Participant: PROMISE AGEP Research Symposium
Department: Mechanical Engineering Department
Institution: University of Maryland Baltimore County (UMBC)
Motion Capture and Control of a Nano-Quadcopter
Motion capture control of quadrotors is a relatively well known and established method of researching quadcopter flight dynamics. However, these capture systems are usually very expensive because they require many cameras, a large space, and relatively large quadrotors. In this project, we explore the viability of using a minimum sized motion capture camera setup to serve as a framework for autonomous flight of a quadrotor. The system that we utilize consists of 4 Optitrack Motion capture cameras, a Crazyflie 2.0 Nano-quadrotor, and a Pixhawk flight controller. The Optitrack cameras capture the precise position of the quadrotor with in a predefined capture volume. The positional information is sent to a ground station computer via Ethernet. The positional data is then processed and sent wirelessly to the quadcopter. This system will serve as a proof of concept that smaller camera setups are viable. In addition, the system will be used as the foundation for researching various control algorithms for quadrotors.
Energy consumption modeling and estimation for electric unmanned aerial systems
Energy storage is one of the most important determinants of how long and far an electric powered unmanned aerial system (UAS) can fly. In the case of multi-rotors, lithium polymer (LiPo) batteries are the most commonly used form of energy storage due to their high energy density and high power output. However, even with the most advanced LiPo batteries, electric UAS mission plans are often dictated by the flight time of the vehicle. In most scenarios, this is generally limited to upwards of 30 minutes before battery protection measures activate and the craft must land. This paper addresses this problem by proposing a method of system identification and modeling of energy storage in electric UAS’ to allow for energy storage to be used more effectively in planning autonomous missions. To achieve this, a set of experiments were designed to measure the energy consumption of a mid-size UAS multi-rotor. Several different flight maneuvers were considered: different lateral velocities, climbing, and hovering. The goal of this paper was to create a set of data that allowed each flight maneuver to be characterized with a certain rate of energy usage. Experimentation results demonstrate the feasibility and robustness of the proposed approach. Future work includes the development of mission planning algorithms that provide realistic estimates of possible mission flight times given a certain set of flight parameters.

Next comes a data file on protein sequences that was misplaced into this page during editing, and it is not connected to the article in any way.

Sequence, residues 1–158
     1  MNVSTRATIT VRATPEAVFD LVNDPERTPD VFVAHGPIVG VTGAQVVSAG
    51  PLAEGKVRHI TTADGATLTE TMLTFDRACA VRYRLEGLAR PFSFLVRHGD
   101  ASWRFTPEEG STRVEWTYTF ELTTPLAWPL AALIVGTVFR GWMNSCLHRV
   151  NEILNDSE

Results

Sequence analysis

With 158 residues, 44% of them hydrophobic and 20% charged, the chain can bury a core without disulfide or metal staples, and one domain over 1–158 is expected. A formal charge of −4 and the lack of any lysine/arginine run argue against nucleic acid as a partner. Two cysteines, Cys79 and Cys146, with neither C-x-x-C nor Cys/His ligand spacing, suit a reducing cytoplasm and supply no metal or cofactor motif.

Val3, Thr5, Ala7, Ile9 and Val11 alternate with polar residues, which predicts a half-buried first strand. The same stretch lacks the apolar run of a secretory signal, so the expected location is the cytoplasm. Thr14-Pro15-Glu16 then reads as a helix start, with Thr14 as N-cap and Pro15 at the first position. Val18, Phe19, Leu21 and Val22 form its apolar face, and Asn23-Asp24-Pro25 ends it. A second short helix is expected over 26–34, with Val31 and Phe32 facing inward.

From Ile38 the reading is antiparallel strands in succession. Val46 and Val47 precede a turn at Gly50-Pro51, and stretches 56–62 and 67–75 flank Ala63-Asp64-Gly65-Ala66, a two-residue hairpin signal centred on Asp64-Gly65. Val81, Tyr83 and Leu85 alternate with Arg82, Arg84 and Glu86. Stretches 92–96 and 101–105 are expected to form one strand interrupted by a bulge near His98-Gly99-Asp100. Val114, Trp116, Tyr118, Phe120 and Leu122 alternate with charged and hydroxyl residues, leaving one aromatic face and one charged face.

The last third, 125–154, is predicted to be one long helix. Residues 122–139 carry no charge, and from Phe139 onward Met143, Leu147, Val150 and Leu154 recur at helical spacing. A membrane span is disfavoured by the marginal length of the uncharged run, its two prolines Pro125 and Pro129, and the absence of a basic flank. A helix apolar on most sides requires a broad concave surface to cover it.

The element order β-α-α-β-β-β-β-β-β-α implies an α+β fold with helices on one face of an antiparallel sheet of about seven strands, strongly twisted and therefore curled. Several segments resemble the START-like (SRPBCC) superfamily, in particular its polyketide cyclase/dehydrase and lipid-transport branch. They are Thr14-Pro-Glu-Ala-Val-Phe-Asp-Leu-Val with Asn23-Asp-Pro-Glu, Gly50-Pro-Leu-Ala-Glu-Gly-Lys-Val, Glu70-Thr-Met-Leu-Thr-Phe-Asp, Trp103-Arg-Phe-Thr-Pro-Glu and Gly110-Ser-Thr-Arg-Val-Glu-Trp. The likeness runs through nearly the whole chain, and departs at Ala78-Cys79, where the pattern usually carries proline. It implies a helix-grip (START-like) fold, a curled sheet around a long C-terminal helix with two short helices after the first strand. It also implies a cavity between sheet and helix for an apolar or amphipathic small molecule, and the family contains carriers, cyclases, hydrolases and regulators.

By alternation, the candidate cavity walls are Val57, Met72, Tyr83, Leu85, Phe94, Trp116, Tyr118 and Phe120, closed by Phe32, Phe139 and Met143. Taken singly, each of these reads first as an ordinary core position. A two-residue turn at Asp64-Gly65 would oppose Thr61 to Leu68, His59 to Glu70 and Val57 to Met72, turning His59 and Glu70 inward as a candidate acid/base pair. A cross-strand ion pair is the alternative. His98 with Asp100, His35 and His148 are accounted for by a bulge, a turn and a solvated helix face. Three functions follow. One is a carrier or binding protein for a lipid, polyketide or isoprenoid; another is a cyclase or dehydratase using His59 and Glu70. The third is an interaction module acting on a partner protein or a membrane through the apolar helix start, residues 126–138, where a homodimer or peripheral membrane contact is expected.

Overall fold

GENERAL SUMMARY OF GRADUATE RESEARCH
My graduate research area is in the field of controls and robotics. I’ve had experience in research and design in small electric vehicles and UAVs. In the future, I intend to move towards the field of humanoid robotics such as exoskeletons and standalone humanoid robots.
SELECTED LIST OF PRESENTATIONS AND PUBLICATIONS
- Carrington, K. Chang, H. Mentis, and A. Hurst, “But I don’t take steps”: Examining the Inaccessibility of Fitness devices for Wheelchair Athletes. ACM SIGACCESS Conference on Computers and Accessibility. ASSETS 2015
- D. Clark, K. Chang, and R. S. Gejji, “A Note on Exploring the Stability of the Pupil Light Reflex”, LPS-RP Technical Report, August 2013.
- Chang, “Exploring the Stability of the Pupil Light Reflex”, Laboratory for Physical Sciences (LPS) Research Seminar, August 2013 [Invited Talk].
- D. Clark, K. Chang, R. S. Gejji, and A. A. Ross, “Methodological Insights to Exploring the Stability of General and Photorealistic Models of the Pupil Light Reflex”, Joint Mathematics Meetings (JMM), January 2014 [Oral Preliminary Report].
- Chang, “The Easy Make Oven: Tabletop Scanner”, Summer Undergraduate Research Festival (SURF UMBC), August 2013. [Poster Presentation]